On the second or third day after surgery, your doctor will most likely change your medication to pills or liquid pain relievers taken by mouth. These medicines are an opiate (morphine-like medicine.) Because these medications are known to be addictive if taken for a long time, you will be encouraged to switch to acetaminaphen as soon as possible after you go home.

Do the rods and other implants stay in my spine even after it has fused?

If rods are used in a fusion, they usually do not need to be removed. Very few people require rod removal, and this may be for a variety of reasons such as infection or broken rod.

Will fusion make my back stiff and unable to move?

The fused portion of your back will be permanently stiff. Most people have enough motion in the unfused portion of their backs to perform all activities of daily living and most sports. If you participate in activities that require a tremendous amount of flexibility, it may take awhile to adapt. Most people find that within a year or so their backs begin to feel "normal" when participating in those activities.

Can I have my scoliosis corrected without a fusion?

We wish that we had a method and materials that would straighten the spine and also allow normal motion between all the bones. Unfortunately, we do not have this capability. Anything we put in to hold the spine straight, also makes the spine stiff in the area of surgery.

Common Questions About Surgical Recovery

Most patients are in the hospital for 4 to 7 days, out of school for 2 to 4 weeks, and back into activities in 2 to 6 months.

How long do patients need pain medication after being discharged home?

Most surgeons prescribe strong pain medicines to patients after scoliosis surgery. Patients who have not used opiate pain killers before usually stop needing them within 2 to 4 weeks after surgery. If the patient has used these medicines frequently before surgery, it may take longer to stop needing them.

It is best to stop taking these strong medicines as soon as possible because they can be addictive if taken for long periods of time.

What limitations will I have right after surgery?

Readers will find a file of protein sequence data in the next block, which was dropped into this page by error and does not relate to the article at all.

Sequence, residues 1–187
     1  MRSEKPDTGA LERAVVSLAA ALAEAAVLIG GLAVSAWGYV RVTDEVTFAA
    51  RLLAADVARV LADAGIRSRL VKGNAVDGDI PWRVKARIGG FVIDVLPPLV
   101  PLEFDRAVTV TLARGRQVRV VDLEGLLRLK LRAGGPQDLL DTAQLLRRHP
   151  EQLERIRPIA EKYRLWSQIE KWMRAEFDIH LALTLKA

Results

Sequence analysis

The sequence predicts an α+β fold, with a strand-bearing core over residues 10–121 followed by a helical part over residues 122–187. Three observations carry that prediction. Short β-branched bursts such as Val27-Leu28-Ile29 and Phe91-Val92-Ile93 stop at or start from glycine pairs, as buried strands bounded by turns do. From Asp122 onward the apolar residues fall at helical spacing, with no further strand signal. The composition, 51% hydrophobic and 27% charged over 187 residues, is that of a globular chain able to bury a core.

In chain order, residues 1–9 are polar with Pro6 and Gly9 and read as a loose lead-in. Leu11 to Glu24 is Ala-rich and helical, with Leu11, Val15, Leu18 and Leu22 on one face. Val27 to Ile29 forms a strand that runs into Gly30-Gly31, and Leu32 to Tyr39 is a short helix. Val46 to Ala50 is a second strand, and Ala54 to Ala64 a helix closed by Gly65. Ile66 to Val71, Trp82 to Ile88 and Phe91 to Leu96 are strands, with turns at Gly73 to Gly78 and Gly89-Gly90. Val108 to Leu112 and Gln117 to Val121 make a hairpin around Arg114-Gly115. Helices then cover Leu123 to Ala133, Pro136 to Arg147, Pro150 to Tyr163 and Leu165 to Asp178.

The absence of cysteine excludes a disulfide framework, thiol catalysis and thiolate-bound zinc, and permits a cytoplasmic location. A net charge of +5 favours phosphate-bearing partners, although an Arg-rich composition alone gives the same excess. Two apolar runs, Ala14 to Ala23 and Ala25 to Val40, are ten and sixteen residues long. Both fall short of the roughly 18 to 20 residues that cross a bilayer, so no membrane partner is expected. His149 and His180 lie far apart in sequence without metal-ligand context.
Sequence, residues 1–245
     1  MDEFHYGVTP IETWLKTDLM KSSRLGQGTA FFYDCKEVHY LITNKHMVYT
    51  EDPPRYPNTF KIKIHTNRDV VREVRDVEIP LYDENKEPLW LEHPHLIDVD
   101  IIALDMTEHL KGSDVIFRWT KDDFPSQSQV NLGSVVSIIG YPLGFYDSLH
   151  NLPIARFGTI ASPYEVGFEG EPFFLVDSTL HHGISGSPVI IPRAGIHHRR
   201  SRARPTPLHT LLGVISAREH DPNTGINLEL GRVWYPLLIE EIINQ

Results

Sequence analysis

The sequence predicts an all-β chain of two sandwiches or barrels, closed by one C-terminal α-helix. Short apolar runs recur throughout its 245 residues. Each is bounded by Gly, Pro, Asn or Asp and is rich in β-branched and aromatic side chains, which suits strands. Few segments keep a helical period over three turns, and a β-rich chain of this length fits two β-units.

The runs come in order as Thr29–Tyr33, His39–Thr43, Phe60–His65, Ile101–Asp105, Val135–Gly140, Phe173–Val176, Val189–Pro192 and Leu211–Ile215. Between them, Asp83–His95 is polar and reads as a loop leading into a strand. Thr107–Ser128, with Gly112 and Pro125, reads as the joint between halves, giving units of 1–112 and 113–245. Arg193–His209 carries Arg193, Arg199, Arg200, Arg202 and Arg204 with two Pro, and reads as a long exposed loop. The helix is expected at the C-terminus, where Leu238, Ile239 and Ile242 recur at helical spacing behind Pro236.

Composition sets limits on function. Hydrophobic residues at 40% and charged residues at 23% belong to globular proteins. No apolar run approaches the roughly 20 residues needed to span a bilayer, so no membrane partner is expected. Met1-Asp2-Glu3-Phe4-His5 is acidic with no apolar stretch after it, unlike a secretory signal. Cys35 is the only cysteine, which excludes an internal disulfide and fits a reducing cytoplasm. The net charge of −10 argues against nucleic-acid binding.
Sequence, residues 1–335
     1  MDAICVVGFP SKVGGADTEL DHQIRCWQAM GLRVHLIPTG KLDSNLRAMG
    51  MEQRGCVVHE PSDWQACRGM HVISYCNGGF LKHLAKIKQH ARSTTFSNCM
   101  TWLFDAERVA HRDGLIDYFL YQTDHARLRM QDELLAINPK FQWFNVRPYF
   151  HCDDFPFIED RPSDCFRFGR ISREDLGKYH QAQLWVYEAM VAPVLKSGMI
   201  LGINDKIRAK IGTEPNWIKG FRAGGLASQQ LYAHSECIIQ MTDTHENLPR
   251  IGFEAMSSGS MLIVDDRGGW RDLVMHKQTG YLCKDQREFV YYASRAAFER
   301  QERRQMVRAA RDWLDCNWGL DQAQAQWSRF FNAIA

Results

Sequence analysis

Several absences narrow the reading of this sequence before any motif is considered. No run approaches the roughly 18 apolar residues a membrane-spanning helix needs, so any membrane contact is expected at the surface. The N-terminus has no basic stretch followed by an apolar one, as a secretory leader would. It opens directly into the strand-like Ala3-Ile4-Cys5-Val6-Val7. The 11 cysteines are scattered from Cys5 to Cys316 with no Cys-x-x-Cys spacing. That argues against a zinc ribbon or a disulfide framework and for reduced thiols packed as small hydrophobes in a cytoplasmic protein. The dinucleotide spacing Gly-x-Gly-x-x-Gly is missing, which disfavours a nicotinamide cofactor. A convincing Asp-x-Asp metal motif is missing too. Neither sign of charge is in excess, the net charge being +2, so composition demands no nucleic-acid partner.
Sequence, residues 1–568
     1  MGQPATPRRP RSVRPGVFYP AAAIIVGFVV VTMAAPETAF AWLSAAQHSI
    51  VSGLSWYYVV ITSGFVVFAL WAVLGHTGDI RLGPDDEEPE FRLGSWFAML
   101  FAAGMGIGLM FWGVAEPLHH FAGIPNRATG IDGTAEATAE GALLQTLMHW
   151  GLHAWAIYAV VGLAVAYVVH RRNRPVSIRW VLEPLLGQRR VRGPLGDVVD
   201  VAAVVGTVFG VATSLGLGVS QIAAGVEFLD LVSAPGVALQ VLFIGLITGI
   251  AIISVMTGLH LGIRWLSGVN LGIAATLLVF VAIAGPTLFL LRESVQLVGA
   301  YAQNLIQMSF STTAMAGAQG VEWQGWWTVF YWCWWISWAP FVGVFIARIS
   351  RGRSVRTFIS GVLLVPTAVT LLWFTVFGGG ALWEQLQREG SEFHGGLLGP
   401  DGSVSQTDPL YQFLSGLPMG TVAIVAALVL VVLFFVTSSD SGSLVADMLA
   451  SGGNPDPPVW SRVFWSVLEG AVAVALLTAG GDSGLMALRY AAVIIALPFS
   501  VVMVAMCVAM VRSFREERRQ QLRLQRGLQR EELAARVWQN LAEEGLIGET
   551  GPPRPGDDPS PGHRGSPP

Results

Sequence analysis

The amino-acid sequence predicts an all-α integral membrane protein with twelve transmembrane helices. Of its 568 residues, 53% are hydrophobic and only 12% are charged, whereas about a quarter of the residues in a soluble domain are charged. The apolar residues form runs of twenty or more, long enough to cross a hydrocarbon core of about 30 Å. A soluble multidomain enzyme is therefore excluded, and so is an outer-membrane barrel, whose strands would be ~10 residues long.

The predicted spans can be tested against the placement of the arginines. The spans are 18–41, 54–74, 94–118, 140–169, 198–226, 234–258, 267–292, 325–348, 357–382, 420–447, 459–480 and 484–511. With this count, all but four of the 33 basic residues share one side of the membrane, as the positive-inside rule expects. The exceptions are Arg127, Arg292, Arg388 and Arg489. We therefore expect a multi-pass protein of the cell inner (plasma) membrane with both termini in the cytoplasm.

Your surgeon will detail any limitations you have after surgery. Most patients will be asked to avoid heavy lifting and to minimize the amount of bending forward for the first 6 to 12 weeks.

Does surgery lead to permanent restrictions on activities?

No, most patients are able to return to all their favorite activities and sports.

Most patients return to non-contact sporting activities (running, weightlifting, exercises) approximately 4 to 6 months after surgery.

Before returning to all activities, including contact sports, the spine must be fully healed. It typically takes 6 to 12 months after surgery to obtain a solid fusion of the spine and get back to all activities.

Will I be able to walk after surgery?

Yes. Some patients may need physical therapy after surgery, but they are able to walk when they are discharged from the hospital.

When can I go back to school after the operation?

Most children miss between 2 to 4 weeks of school after surgery. It typically takes about 4 weeks before the spine is healed enough for carrying a backpack.

When will I be allowed to drive a car?

You will not be able to drive a car until you have healed well enough from surgery. In addition to being off of your narcotic pain medicines, you need to be moving around well enough to be safe. This typically takes 6 or more weeks.

When can I start hanging out with my friends again?

Your friends can visit you after surgery in the hospital and at home. Going out with your friends — like to school functions or the movies — can occur after you are off all pain medications and are feeling back to normal (this usually happens about 4 weeks after surgery).

Last reviewed: August 2015

Reviewed by members of the Pediatric Orthopaedic Society of North America and the Scoliosis Research Society

The Pediatric Orthopaedic Society of North America (POSNA) is a group of board eligible/board certified orthopaedic surgeons who have specialized training in the care of children's musculoskeletal health. One of our goals is to continue to be the authoritative source for patients and families on children's orthopaedic conditions. Our Public Education and Media Relations Committee works with the AAOS to develop, review, and update the pediatric topics within OrthoInfo, so we ensure that patients, families and other healthcare professionals have the latest information and practice guidelines at the click of a link.
AAOS does not endorse any treatments, procedures, products, or physicians referenced herein. This information is provided as an educational service and is not intended to serve as medical advice. Anyone seeking specific orthopaedic advice or assistance should consult his or her orthopaedic surgeon, or locate one in your area through the AAOS "Find an Orthopaedist" program on this website.
Copyright 2015 American Academy of Orthopaedic Surgeons